Martha Wright tells a story about the funeral of her husband, Malcolm, a valued contributor to this column:

“His funeral was scheduled for Saturday, Oct. 10, at University United Methodist Church. The church is right next to campus, and in fact we sell parking slots to fans.

“When the LSU-South Carolina football game got changed to Baton Rouge, we had to find another church. However, the first notice in the paper said the service would be at UUMC.

“One couple had not read the updated notice, and when they arrived at the church, they were asked to pay $30 to park there. The response was, ‘Well, I am certainly not going to his funeral service if I have to pay to park!’

“Malcolm loved life and liked to tell funny stories. Don’t you know he got a chuckle out of that!”

Modern congregation

This story from the late Malcolm Wright, from 2014, is about his discovery of a new religious sect:

“The other day, Martha and I were eating breakfast at Louie’s. Several tables down from us were five young people who had just received their meals from the waitress.

“Their heads were bowed, and we smiled to see so young a group saying grace in public and so unconcerned with what others might think. Several minutes later, after receiving our meal, I looked over at the table of five and behold — their heads were still bowed.

“As I watched, one after the other raised his or her head, put his or her iPhone in a pocket or handbag and began eating.

“Amen.”

That’s show biz

In the Wednesday column, Tom Cagley said the title “Wildest Show in the South,” used in a headline about the Angola Rodeo, described our current political arena. Randy Clement responded, “Mr. Cagley, in commenting on the Angola Rodeo headline, is confusing a rodeo with a circus sideshow.”

True north?

Pat Alba, of Metairie, who grew up in Rayville, says folks in the New Orleans area aren’t always sure what constitutes “north Louisiana.”

“When I mention north Louisiana, many Orleanians assume I mean Shreveport, although one person asked, ‘St. Francisville?’”

Underwood days

Gus Weill jogged my memory when he asked where he could find a second-hand Underwood Standard typewriter. Gus, in addition to being a legendary political strategist, is a novelist and playwright. After some health problems, he wants to resume writing, and on this classic machine. He’s at (225) 769-2252.

The old Underwoods weighed a ton and required a hard touch. I learned to type on one, and still find myself banging away on the much more sensitive keys of my office PC.

Those typewriters bring back memories of their clattering in newsrooms, when guys typed with their fedoras on, smoked cigars at their desk and kept bottles of hooch in a bottom desk drawer. I still have my Underwood, and although it’s broken and I probably wouldn’t use it even if it worked, I wouldn’t trade it for the world.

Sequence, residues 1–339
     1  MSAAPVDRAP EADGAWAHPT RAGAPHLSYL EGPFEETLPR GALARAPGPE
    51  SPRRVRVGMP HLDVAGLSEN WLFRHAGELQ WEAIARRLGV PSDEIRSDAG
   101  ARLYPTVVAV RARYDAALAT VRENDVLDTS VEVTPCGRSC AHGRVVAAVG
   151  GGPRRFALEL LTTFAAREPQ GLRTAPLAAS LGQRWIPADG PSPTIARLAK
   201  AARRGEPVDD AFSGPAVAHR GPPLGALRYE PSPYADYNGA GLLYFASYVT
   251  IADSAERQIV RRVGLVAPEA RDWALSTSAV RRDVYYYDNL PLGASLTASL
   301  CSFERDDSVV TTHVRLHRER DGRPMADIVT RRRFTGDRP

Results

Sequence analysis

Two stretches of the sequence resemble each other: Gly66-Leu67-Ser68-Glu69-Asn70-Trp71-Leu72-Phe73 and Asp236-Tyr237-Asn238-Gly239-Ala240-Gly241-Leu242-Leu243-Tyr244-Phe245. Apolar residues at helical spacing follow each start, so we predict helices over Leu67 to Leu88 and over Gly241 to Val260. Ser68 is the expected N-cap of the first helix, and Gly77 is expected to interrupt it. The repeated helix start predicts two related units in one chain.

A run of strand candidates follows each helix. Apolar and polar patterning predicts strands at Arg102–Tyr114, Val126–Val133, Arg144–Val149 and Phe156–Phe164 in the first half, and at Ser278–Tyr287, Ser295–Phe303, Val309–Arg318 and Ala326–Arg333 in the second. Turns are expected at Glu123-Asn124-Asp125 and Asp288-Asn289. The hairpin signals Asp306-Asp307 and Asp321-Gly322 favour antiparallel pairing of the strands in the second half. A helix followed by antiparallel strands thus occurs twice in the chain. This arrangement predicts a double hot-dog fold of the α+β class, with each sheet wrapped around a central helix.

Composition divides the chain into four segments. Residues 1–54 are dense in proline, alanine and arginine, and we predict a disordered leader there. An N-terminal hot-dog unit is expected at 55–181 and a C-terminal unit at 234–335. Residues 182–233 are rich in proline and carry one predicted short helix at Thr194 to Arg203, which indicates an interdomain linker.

Special People Dept.

On Thursday, Oct. 15, A.P. “Toni” Vidacovich celebrates his 99th birthday. He retired after 48 years as a photographer for the Times-Picayune.

Betty Breaux celebrates her 93rd birthday on Thursday, Oct. 15.

Marie Delaune Braud celebrated her 92nd birthday on Wednesday, Oct. 14.

J.W. “Mickey” Dupuy, of Metairie, a native of Plaquemine, celebrated his 90th birthday on Wednesday, Oct. 14. He holds the John W. Dupuy endowed professorship at LSU’s E.J. Ourso College of Business.

Father William L. Greene, celebrated his 90th birthday on Wednesday, Oct. 14. He was pastor at Catholic churches St. Pius X and St. Thomas More in Baton Rouge and Our Lady of Mount Carmel in St. Francisville.

On Thursday, Oct. 15, John and Elaine DeLatin celebrate their 66th anniversary.

James and Dane Braud Hawkins, of Dutchtown, celebrate their 60th anniversary on Thursday, Oct. 15.

Ronald and Vera Landry, of Belle Rose, celebrated their 56th anniversary on Saturday, Oct. 10.

The hole truth

Dwight Cason, the barber, was cutting one gent’s hair and heard this tale:

“He thought he should teach his wife and daughter how to check the oil in the car, in case he couldn’t one day.”

Evidently he never got around to fully explaining the process, because “about a month later he came home after work and found them trying to add a quart of oil in the dipstick hole.”

Kid stuff

Montie Mitchell says, “My sister-in-law asked her third-grade class to write letters to her son, a pilot deployed in the Middle East. Some notable questions they asked were:

“‘Do you bring your plane home at night and where do you park it?’

“‘Is it hot there?’

“‘Do you like waffles?’

“‘If you write back, could you please print because I can’t read cursive?’”

Contacting Smiley

Write Smiley at Smiley@theadvocate.com. He can also be reached by fax at (225) 388-0351 or mail at P.O. Box 588, Baton Rouge, LA 70821.

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